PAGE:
Pooja Dawani - Raheel, 14 years old, wants to join the army when he grows up. Studying and living at the Edhi Home situated inside Edhi Village on Super Highway between Karachi and Hyderabad, Raheel, his best friend Babar, along with 56 other boys living at the home, are the only family these boys have. 

Raheel doesn’t remember how old he was when he came to live at the Edhi Center. He says “I have been living here for many years.” Shy in the beginning, it takes him a little time to bask in the attention he is receiving and happily recites poetry to impress his interested audience.

“When I was very small, I used to love sweets” he shares “one day, I stole some money from my mother’s bag and ran out to a shop to buy some sweets. But then I got lost and couldn’t  get back home. I didn’t know what to do so I found a corner and hid there. Two policemen found me and brought me to Edhi Center. I’ve been living here since.” Raheel says he likes studying during school time the best and that his favorite subject is English. 

“Nana ji (Edhi sb) said to me “when you grow up, we will go and find your parents, till then I’ll keep coming to meet you” and he kept his promise. But my parents are dead now. So this is my home, and all of the boys here are my friends. I like it when Kubra baji (Edhi’s daughter) comes to meet us and spend time with us.”

The Edhi home where Raheel lives, provides its residents living quarters with comfortable beds, a playground to play cricket and football in, a TV to watch cartoons and news, three meals freshly cooked by staff at the premises, a mosque for prayers, bi-annual field trips and medical help available when needed. But what happens to children who don’t make it to these shelters?

Edhi Centers have provided shelter to hundreds of children all over Pakistan. But an estimated 1.2 million children in Pakistan live on the streets of major cities. 

Pakistan failed to achieve targets set under the Millennium Development Goals (MDGs) and children of Pakistan continue to face violence, abuse, exploitation and negligence. Misplaced priorities of government bodies, low budgetary allocations for health and education, chasms in policy making and apathetic societal attitudes persist in the country and progress on child rights legislation and reforms remain slow.1

It has been 26 years since Pakistan signed the United Nation Convention on the Rights of Child (UNCRC).  After decades of struggle, safeguarding children rights in the country remains a formidable task.

Today, over 22 million children in Pakistan are out of school2 and half of all children in the country are malnourished3. We have failed to eradicate polio, our healthcare facilities are dismal, and violence against children including sexual abuse, child labor and early marriages are regrettably commonplace.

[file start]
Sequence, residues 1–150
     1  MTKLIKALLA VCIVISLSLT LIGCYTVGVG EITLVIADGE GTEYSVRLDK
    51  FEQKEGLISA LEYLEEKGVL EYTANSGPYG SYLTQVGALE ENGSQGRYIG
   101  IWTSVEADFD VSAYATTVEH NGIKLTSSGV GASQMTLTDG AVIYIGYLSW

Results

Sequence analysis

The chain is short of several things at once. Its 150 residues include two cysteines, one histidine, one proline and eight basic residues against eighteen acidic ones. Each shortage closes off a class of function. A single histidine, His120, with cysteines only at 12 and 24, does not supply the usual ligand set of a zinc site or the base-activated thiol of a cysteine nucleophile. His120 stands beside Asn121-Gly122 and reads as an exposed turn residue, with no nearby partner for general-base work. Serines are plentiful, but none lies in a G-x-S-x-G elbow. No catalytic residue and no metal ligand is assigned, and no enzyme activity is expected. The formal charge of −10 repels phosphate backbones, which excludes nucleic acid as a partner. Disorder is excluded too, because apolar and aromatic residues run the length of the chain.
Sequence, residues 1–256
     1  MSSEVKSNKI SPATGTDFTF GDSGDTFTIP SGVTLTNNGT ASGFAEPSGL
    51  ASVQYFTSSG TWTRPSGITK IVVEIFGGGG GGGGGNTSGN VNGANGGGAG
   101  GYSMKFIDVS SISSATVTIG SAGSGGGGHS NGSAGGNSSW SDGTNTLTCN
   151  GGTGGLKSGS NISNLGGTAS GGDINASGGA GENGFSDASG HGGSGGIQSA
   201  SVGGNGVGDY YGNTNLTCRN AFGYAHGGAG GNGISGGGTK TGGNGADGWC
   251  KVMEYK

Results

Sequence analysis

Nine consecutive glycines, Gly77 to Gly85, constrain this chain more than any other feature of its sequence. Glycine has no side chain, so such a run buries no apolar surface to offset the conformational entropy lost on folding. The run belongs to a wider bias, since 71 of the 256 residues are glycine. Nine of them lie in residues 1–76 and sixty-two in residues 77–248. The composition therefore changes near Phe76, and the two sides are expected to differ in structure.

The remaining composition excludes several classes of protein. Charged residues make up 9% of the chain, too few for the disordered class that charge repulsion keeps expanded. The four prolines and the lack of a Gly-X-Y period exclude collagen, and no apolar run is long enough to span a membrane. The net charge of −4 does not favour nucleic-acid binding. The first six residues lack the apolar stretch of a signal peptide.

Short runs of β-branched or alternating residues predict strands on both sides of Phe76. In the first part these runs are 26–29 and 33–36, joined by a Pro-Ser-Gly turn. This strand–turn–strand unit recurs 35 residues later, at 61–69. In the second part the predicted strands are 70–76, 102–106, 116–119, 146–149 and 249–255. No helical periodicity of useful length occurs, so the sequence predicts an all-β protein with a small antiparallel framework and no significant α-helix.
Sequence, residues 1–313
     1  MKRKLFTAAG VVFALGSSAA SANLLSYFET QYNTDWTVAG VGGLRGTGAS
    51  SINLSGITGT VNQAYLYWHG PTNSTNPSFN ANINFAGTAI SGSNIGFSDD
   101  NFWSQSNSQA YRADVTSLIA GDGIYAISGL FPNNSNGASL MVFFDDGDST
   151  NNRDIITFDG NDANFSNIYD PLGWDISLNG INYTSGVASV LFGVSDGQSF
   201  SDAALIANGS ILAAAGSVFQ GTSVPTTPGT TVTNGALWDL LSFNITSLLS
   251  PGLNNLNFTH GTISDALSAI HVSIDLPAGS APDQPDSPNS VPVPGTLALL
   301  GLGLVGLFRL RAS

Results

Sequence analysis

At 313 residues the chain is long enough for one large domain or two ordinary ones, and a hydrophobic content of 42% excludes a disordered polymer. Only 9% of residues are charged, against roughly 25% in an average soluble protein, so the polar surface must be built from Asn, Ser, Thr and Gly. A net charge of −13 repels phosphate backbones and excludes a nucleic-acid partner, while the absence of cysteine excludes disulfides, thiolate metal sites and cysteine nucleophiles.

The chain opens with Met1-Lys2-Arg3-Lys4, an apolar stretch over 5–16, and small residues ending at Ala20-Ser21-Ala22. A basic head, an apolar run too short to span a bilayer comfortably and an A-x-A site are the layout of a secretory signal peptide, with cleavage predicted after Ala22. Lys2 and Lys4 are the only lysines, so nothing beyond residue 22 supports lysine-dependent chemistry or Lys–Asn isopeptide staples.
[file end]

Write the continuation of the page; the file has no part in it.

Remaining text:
The National Assembly of Pakistan passed a unanimous resolution to adopt the 2030 agenda of Sustainable Developmental Goals (SDGs) as a national development program. The effectiveness and the implementation of policies remain to be seen.

The Edhi Village at the super highway, where Raheel lives, also houses around 1400 physically and mentally challenged children and men along with recovering drug addicts. Of these, 200 are children, who are divided into groups of 100 each, and live inside expansive halls, called wards by Edhi Foundation staff, with tiled floors where the children spend their days and sleep. One care-taker is available to each group or ward 24/7 and a doctor on-site conducts daily visits.

Faisal, one of the care-takers of a children’s ward who has worked at the Edhi Foundation for 6 years, shares “Some of the older boys who are healthier help me in my duties, and mostly these children are not troublesome. Fresh food is cooked every day for them, and most of them, unable to go to school, pass their time by playing in the garden surrounding the halls. Edhi Sahab used to like spending time with these children, and would often have lunch with them.” Although rudimentary, these facilities are far better than anything that the government has been able to provide for disabled children of the country.

The Edhi Foundation continues sheltering underprivileged children of Pakistan but the enormity of the problem calls for scaling up of their services, which in turn, is dependent on constant and greater than before funding. Recognizing this need, Coca-Cola Pakistan has partnered with Edhi Foundation this Ramazan for a fund-raising campaign called ‘Bottle of Change’. The campaign encourages people to collect and donate money to Edhi Foundation to sustain their efforts of protecting children in need. All of us owe a responsibility of providing a better, safer Pakistan to the youth of the country, and helping Edhi Foundation, during and after the campaign, is the least we can do.